SAN JUAN (Reuters) - Puerto Rico will default for the second time in five months, but will pay the bulk of $1 billion due on Jan. 4, including its most senior debt, Governor Alejandro Garcia Padilla said on Wednesday.
The Caribbean island’s biggest payment, $328.7 million in general obligation debt, will be paid, the governor told reporters at a press conference in San Juan. More than half of that payment was made by taking revenues from other commonwealth agencies, he added.
A default on general obligation (GO) debt would have been seen as a more serious stumble because those bonds have the strongest legal protections of any of the island’s obligations.
However, it also keeps alive the drama surrounding its deteriorating finances and $70 billion debt load as investors wait for the next shoe to drop.
The default opens the door to potential litigation from affected creditors, while the island must now turn its focus to trying to achieve a consensual debt restructuring with GO holders before its next big payment of $1.9 billion is due in July.
The governor said he is meeting with creditors in early January, though he did not give a specific date.
When asked about a shutdown of key government services, Garcia Padilla told reporters at a press conference: “We have to do all we can to avoid that situation.”
The U.S. Commonwealth, suffering from a near decade-long recession with a 45 percent poverty rate and a shrinking tax base due to people leaving the island, first defaulted in August when it failed to make the full payment on its Public Finance Corp (PFC) bonds.
One creditor source with significant GO holdings said Puerto Rico’s decision to pay GO debt buys it some credibility as debt restructuring talks continue. “I’m glad we can enjoy our holiday, because there’s going to be a lot of heavy lifting to do when we get back,” the source said.
David Tawil, co-founder of hedge fund Maglan Capital, said a default of GO bonds is also probably inevitable in the long-term, but that there is a slim possibility that either Congress will take action or a settlement could be reached with creditors ahead of a default. Either way, he warned that Puerto Rico is still in the very early stages of dealing with its massive fiscal challenge.
“Citizens need to know that necessary infrastructure and services are there and there is not going to be a government shutdown,” Tawil said.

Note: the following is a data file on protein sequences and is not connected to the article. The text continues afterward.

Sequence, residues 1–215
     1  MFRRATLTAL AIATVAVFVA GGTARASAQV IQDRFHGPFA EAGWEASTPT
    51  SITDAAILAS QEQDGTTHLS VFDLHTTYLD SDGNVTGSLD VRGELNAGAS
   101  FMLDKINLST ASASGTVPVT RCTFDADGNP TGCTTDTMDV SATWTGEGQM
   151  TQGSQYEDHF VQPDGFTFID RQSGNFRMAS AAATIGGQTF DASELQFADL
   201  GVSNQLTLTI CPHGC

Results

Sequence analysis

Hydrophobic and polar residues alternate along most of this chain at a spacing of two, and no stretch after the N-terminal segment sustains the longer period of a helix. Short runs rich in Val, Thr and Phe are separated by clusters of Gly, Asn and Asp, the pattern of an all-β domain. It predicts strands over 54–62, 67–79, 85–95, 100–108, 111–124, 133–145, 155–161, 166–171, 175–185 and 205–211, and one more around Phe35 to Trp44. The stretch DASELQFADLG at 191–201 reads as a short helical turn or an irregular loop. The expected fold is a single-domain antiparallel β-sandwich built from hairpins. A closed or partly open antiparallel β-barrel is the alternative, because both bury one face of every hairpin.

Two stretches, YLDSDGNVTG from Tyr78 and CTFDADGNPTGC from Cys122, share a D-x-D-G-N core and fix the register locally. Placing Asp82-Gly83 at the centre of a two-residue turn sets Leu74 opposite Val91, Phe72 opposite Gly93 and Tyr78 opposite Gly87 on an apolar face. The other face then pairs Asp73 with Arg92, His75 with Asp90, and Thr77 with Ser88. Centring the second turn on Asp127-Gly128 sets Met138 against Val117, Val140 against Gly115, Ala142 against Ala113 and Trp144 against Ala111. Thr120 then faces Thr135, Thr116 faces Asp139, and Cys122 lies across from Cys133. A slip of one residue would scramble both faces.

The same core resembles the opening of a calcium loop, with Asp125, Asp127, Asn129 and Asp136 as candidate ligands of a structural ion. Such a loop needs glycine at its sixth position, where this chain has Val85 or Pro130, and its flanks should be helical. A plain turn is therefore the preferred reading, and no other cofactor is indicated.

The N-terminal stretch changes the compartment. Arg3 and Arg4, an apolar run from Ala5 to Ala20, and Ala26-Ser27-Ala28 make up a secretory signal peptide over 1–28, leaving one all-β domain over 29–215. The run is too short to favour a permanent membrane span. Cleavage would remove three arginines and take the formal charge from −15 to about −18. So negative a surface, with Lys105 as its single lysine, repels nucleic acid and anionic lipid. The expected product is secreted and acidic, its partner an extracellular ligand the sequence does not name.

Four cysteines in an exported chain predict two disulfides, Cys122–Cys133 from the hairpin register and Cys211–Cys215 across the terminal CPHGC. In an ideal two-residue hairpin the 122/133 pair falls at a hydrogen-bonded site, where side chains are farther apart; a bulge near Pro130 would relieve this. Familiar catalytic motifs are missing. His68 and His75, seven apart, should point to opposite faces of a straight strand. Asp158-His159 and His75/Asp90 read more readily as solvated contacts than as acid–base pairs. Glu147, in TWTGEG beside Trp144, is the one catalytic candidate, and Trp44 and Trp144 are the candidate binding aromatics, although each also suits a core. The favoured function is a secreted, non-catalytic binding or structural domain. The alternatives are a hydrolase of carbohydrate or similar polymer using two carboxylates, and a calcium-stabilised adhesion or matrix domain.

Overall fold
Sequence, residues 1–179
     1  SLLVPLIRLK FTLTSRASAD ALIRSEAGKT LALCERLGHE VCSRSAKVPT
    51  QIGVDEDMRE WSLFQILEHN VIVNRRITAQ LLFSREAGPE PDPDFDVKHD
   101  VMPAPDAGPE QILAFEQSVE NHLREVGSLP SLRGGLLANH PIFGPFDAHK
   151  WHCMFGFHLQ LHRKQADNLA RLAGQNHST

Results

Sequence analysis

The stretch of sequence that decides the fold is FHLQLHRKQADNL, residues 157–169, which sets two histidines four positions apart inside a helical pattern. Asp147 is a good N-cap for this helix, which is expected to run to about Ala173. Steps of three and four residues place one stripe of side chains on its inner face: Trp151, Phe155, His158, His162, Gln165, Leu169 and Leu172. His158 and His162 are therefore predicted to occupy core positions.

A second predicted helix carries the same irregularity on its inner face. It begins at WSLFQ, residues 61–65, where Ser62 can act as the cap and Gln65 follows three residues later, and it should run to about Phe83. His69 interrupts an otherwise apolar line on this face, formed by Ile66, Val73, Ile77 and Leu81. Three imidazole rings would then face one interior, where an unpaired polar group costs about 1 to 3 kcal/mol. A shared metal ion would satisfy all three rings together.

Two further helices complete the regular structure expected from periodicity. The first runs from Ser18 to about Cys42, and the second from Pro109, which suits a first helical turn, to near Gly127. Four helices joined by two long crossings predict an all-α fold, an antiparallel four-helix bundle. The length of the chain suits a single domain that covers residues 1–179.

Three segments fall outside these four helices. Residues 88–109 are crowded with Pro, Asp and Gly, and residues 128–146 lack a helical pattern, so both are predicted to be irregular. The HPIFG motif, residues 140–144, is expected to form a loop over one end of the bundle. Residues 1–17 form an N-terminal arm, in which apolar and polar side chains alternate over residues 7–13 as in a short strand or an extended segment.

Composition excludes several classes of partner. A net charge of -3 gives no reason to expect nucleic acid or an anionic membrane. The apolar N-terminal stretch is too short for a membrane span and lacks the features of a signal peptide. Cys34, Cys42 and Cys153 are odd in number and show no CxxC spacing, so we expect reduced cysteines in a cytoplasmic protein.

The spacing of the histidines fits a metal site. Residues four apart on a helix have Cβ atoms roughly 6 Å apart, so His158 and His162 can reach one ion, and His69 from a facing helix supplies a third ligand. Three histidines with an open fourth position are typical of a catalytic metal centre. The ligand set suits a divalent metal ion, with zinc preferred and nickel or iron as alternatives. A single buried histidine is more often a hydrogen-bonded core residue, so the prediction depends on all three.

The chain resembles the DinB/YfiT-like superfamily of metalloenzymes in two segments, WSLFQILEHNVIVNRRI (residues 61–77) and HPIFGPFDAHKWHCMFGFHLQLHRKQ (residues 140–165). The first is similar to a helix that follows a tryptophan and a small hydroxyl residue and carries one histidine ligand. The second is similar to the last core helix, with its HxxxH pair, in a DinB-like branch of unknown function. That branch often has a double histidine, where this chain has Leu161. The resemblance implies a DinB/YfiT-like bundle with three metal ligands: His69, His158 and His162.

The island will default on a $35.9 million payment due to its Infrastructure Finance Authority (PRIFA). It will also default on $1.4 million due to its Public Finance Corp, but will make payments to most other authorities. The island was facing a bill of about $1 billion had it made all payments.
Padilla said about $163 million of the GO payment came from clawing back revenues from several agencies, including the highway authority, the convention center authority and the island’s busing authority. Garcia Padilla on Dec. 1 granted the U.S. territory power to take revenues from those agencies to keep payments on GO debt current.
“The use of over $100 million in reserved funds to make debt service payments for several of the Commonwealth’s issuers should underscore that the Commonwealth is running out of options to pay its debt,” said Melba Acosta Febo, president of the Government Development Bank.
The announcement now opens the door to litigation from holders of defaulted bonds. One creditor source with exposure at one of the clawed-back agencies told Reuters lawsuits are being considered and could be filed immediately, but creditors have not decided whether the cost of litigation is worthwhile.
Daniel Hanson, an analyst at Height Securities who follows Puerto Rico, said any litigation will focus on Puerto Rico’s credibility. Garcia Padilla has consistently said the island was on the brink of a humanitarian crisis, yet it is able to pay the bulk of its debt and dished out about $120 million in Christmas bonuses this month, Hanson pointed out.
Such questions could also hamper Puerto Rico’s efforts to convince U.S. Congress that it is in desperate need of legislative aid, Hanson said.
The U.S. Treasury has been pushing Congress to allow the island to restructure its debts under U.S. bankruptcy law. A Treasury spokesman said Wednesday that the latest default “demands swift Congressional action” for a restructuring with independent oversight.
The House is expected to hold a Jan. 5 hearing on Puerto Rico’s financial problems.
The source with significant GO exposure acknowledged that clawing back certain debt to pay GO holders is legal, but said a lawsuit would likely focus on whether Puerto Rico met the legal requirements needed to exercise clawbacks, namely proving it was cash-strapped and had no other choice.
Bond insurer Ambac Financial, which insures about $863 million in PRIFA bonds, on Tuesday wrote a letter to Garcia Padilla challenging whether the clawbacks were used properly under Puerto Rican laws.
General obligation bonds with an 8 percent coupon and maturing in 2035 were slightly higher on Wednesday, traded at an average price of 73 cents on the dollar compared to 71.726 on Tuesday. The average yield fell to 11.501 percent from 11.716.
The island owes about $400 million due February 1, mostly to Puerto Rico Sales Tax Financing Corp, or COFINA. The monies for this payment are already held in reserve, Garcia Padilla said.
Reporting by Megan Davies in New York and Nick Brown in San Juan; additional reporting by Ed Krudy in New York and Rory Carroll in San Francisco; Writing by David Gaffen; Editing by W Simon and Diane Craft